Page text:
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Truss design misconceptions
21

Truss design misconceptions

Truss design misconceptions

3
(OP)
I mentioned in another thread that I've been designing trusses most of my adult life. I started working in a truss plant in 1984, and it went from there.

Over the years I've run into a lot of misconceptions about how trusses are designed, who designs them, etc. I thought I'd take a crack at explaining the typical process.

The vast majority of truss plants do not have engineers on staff at the plant. Trusses are designed by guys like me. I only have a HS diploma. But I do have a lot of training and experience.

We buy our truss plates from a company called Alpine. They provide the truss design software that we use. They also have engineers on staff. The cost of the software and engineering support is built into the price of the plates.

Since we're in a rural area we don't get an engineers seal on probably 95% of what we do. There's no reason to.

If we do need sealed drawings, it's usually because someone is building in an area where there's a building department that requires them. Or on commercial work we sometimes have to send them to the project architect/engineer for review.

Once we have the trusses designed in our system we can send a job down electronically to Alpine. One of their engineers is assigned to our account, and that person typically reviews our stuff.

The engineer does not alter the truss designs - They're either approved or not approved. If they want something changed we get an email or phone call explaining what they want to see. We revise them and send them back down.

The engineers at Alpine never see the plans. They typically do not know where the job is going or any details about it. They only review what we send down.

So that's the basic process. If you have any questions let me know.


RE: Truss design misconceptions

What's your opinion about engineers calling to ask you to run a truss calculation?

I worked on a project with a truss guy, known to the owner, to lay out a big residential project. Then the owner got another truss place to fabricate the trusses. I really thought the first guy was getting the job, so I felt bad about the time he spent with me on it.

Other times an architect will show something with trusses that feels wrong, but they're in love with the idea and I need to prove that it doesn't work:
1) a bearing wall that's supported on a truss floor system
2) architect wants a mechanical chase in a dumb place, near a bearing point
3) like the other thread, should I use an interior bearing wall for this cathedral ceiling truss?

RE: Truss design misconceptions

2

Quote (ron the redneck)


The engineers at Alpine never see the plans. They typically do not know where the job is going or any details about it. They only review what we send down.

So that does not feel good to me. It has to be breaking some regulation.

What exactly is the Engineer signing off on? "Uh, our computer software produces the proper output assuming it had the proper input"

What if there are drag trusses or other situations that you miss that are called out on the plans? Who is responsible?

RE: Truss design misconceptions

XR250, I was wondering about the issue of practising without licence, which is mentioned frequently by US engineers on this forum.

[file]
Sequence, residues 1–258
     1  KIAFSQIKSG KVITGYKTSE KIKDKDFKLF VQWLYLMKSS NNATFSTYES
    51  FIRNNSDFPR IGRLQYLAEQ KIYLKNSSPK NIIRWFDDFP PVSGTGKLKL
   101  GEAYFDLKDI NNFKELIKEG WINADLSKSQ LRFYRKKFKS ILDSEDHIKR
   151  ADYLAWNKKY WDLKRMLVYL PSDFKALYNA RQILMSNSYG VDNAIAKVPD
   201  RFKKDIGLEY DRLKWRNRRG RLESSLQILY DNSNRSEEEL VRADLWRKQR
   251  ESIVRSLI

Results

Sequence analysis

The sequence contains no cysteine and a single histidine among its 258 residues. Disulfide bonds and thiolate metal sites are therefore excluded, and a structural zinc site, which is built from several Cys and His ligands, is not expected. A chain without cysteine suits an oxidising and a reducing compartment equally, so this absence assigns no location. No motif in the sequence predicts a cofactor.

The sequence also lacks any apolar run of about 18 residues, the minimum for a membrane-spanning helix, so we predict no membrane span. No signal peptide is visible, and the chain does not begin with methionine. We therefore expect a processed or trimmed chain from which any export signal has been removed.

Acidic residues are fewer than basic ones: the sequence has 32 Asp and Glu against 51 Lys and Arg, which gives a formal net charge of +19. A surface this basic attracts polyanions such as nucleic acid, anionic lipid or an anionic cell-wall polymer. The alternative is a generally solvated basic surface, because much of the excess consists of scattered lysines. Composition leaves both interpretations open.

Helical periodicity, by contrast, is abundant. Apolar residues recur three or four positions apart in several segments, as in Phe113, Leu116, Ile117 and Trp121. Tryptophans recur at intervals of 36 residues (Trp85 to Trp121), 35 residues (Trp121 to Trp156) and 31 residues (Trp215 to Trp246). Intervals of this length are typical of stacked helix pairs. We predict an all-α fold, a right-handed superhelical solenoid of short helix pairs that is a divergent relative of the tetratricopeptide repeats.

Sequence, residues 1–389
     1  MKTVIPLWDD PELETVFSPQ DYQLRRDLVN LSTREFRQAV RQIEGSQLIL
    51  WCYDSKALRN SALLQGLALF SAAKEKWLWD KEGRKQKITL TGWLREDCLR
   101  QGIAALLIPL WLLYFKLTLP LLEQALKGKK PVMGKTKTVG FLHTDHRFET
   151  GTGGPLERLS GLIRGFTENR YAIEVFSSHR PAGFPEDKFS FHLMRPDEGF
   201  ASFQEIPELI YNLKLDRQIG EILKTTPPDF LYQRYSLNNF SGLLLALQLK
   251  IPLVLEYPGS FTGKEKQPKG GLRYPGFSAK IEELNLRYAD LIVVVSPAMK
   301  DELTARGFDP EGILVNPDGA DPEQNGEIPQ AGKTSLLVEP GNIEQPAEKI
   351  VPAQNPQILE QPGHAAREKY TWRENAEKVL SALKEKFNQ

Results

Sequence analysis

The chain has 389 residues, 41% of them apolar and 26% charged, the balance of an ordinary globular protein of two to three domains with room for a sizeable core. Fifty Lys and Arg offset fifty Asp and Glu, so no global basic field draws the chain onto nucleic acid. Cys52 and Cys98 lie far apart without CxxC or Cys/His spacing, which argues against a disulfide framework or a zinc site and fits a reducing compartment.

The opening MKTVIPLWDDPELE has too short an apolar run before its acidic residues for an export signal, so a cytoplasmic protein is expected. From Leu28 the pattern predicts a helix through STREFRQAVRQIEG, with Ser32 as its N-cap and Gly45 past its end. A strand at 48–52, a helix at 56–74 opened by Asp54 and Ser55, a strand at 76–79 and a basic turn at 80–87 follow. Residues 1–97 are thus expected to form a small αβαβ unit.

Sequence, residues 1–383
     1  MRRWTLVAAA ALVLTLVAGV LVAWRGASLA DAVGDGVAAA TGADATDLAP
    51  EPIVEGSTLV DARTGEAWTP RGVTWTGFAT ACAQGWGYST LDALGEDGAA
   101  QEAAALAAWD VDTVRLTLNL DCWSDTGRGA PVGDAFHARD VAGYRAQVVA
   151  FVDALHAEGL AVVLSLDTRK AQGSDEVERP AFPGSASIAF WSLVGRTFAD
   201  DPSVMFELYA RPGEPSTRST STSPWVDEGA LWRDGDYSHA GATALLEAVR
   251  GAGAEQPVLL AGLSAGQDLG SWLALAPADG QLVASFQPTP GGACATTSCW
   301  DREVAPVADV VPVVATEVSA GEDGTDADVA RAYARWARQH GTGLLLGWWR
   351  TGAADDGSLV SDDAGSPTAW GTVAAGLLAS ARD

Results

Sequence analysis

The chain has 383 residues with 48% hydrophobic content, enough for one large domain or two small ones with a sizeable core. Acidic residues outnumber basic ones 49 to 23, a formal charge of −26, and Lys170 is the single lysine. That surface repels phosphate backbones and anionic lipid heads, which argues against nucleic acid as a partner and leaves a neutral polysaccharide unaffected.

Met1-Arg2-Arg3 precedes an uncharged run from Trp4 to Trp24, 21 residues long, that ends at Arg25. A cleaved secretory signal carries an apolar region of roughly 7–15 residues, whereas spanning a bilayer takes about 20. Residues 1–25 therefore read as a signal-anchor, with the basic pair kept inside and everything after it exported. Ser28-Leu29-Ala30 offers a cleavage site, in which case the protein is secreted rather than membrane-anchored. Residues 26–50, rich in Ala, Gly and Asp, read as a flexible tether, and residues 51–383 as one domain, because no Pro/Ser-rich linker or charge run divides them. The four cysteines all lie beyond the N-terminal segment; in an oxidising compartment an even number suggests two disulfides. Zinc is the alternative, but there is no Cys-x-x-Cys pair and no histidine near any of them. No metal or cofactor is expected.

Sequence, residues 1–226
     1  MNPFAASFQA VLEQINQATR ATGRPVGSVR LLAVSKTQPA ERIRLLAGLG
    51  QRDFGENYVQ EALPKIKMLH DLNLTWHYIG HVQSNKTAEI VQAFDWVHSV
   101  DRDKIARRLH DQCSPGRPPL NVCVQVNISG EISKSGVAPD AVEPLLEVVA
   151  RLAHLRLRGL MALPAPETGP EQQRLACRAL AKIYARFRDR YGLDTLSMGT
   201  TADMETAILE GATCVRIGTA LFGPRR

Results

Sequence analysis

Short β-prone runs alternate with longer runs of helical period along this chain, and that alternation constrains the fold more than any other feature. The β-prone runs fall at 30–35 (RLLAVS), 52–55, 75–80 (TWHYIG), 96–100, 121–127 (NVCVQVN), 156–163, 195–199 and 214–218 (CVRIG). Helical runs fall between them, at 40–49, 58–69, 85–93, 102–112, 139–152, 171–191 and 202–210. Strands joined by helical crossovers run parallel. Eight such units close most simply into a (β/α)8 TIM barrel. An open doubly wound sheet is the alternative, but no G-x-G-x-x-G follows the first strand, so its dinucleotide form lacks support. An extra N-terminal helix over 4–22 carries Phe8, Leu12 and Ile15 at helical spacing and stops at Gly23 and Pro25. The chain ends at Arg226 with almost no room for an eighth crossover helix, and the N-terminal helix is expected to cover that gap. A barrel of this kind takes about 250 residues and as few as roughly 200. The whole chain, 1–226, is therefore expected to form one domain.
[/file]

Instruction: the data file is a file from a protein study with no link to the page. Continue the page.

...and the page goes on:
Given the description of the relationship, I'd guess the Alpine engineer checks that the truss plate is being used correctly, subject to the inputs provided by the builder - pretty much what you said.

RE: Truss design misconceptions

Even a piece of furniture has to be sealed by structural engineer by law let alone a trusses. Since the trusses is only a part of an entire structure, you might get away from law with a seal from an vocational institute.

RE: Truss design misconceptions

XR250 - I am in agreement with you however understand that the standard process is as RontheRedneck says. Lately I have been rejecting more and more truss shop drawings due to missed added loading, drags, some architectural feature sitting on the truss, mechanical loading, etc.. the most recent one I reviewed was marked as revise and resubmit or rejected 8 times before I finally got a call from the sealing truss engineer asking why they kept being rejected and arranging for him to get a copy of the structural drawings.

The normal shop drawing stamps I have seen puts the ultimate responsibility on the contractor to make sure they conform to the drawings, but then again, they don't understand these special conditions either and just rubber stamp many times as approved.

Another recent project the contractor went ahead and installed, including building finishes before submitting shop drawings, the shop drawings were missing the brace loads and the end wall gable truss was marked as not designed for out of plane loading, because of this it went through multiple rounds of shop drawings, phone calls, being yelled at for not just letting it go without change, etc.. now they are in the process of tearing out finishes to get in there and retrofit. Because of this, I have been spending more and more time reviewing shop drawings, especially the special case trusses for many projects, sometimes this can take a whole day depending on the size of project, and since most architects won't go for hourly CA, the CA budget almost never covers this kind of reviews. I am willing to bet far too many projects get built with this kind of stuff being missed as many junior engineers reviewing shop drawings don't understand this stuff at that point in their career either. I was taught the EOR's review was a quick review of basic loading and special loading, nothing more; this isn't always sufficient.